Although software like ChatGPT’s ability to truly wield a pen has oftentimes been laughably questionable, AI software is nevertheless infiltrating the rap game—and getting frighteningly good at it. Artists like Nicki Minaj, Kanye West, Tupac Shakur, Juice WRLD, and more have recently seen AI-generated versions of their voices used on different covers.
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Listening to fake Rihanna perform Drake’s “Find Your Love” and fake Nicki tackle Ice Spice’s “Bikini Bottom” seemed, at first, like nothing more than internet fun and games. But a new viral song that features Drake and The Weeknd “performing” a new song neither of them had a hand in takes the trend to a new level, one that has both mesmerized fans and concerned some industry figures.
The track, titled “Heart On My Sleeve,” features eerily realistic renditions of Drake and The Weeknd’s voices over a Metro Boomin beat. Made ostensibly without the use of any human vocals or production, to the untrained ear the song doesn’t necessarily sound out of place within Drake’s discography (with some even opining that it’s better than his other recent work.) So far, the song has accumulated over 11 million views across different promotional videos, per Rolling Stone.
A deep dive on the origins of “Heart On My Sleeve” conducted by Twitter user and author Mitchell Landon seemed to reveal that the track—originally posted by TikTok creator Ghostwriter977—actually came from Laylo, a creator-focused salesforce service that helps creators connect directly with their fans. Via Twitter, Laylo founder Alec Ellin has previously expressed interest in using AI-generated hip-hop voices for different projects, including podcasts.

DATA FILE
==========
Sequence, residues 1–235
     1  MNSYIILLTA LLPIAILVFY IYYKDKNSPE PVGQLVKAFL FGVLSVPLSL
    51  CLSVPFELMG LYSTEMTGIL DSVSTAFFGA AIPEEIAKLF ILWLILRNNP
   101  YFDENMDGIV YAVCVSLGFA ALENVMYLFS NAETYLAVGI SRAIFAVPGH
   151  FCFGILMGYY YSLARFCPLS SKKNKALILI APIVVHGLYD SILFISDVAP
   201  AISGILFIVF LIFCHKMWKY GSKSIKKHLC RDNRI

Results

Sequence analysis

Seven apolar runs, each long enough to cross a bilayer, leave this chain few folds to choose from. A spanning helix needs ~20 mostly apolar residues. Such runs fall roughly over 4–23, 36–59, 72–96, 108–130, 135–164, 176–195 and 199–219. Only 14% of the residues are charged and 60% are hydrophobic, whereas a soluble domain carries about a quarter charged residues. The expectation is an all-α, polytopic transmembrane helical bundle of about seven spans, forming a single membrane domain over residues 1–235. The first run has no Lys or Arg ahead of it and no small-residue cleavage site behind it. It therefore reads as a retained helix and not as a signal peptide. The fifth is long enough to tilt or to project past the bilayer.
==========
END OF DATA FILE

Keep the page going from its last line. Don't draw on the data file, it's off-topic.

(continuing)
While some online users—including producer Hit-Boy—have heralded AI’s emceeing abilities as an exciting new horizon for rap music, others are disheartened by the growing commonplaceness of these tracks, with some pointing out that the specific focus on AI-rendered hip-hop speaks to a cultural contempt for unapologetically Black, urban music and the lived realities and human creativity that informs it. Producer Pete Rock has been a vocal critic of the trend, which he called “mad disrespectful” in a Sunday night Twitter statement.
“They cant beat black culture so what do they do when they cant measure natural talent?” he wrote. “Silly shit like AI! AI is such a cowardly act that bears no real soul or feeling.”
When it comes to the rappers the technology cribs from—not to mention their record labels—the AI-generated tracks are a concerning new prospect. After a ChatGPT-generated track that featured Eminem’s voice rapping about cats gained some online traction, his record label Universal Music Group had it wiped from the internet, slapping YouTuber Grandayy with a copyright strike. Elsewhere, more than 40 major music and entertainment organizations—including the Recording Academy and SAG-AFTRA— have united as the Human Artistry Campaign, a coalition that focuses on ensuring AI never replaces human creators.
“There are fundamental elements of our culture that are uniquely human. Only humans are capable of communicating the endless intricacies, nuances, and complications of the human condition through art – whether it be music, performance, writing, or any other form of creativity,” the coalition’s homepage states. “Developments in artificial intelligence are exciting and could advance the world farther than we ever thought possible. But AI can never replace human expression and artistry.”
As for Drake—whose voice has been laid out over everything from Ice Spice’s “Munch” to Colby Callait’s “Bubbly”— it seems the rapper has had enough of the trend. In response to the “Munch” edit, Drake declared via Instagram: “This is the final straw AI.” Hey, better to address the trend head-on now; the way the technology is moving, in a few months a case of Instagram beef could lead to a Drake diss track penned by an AI version of himself.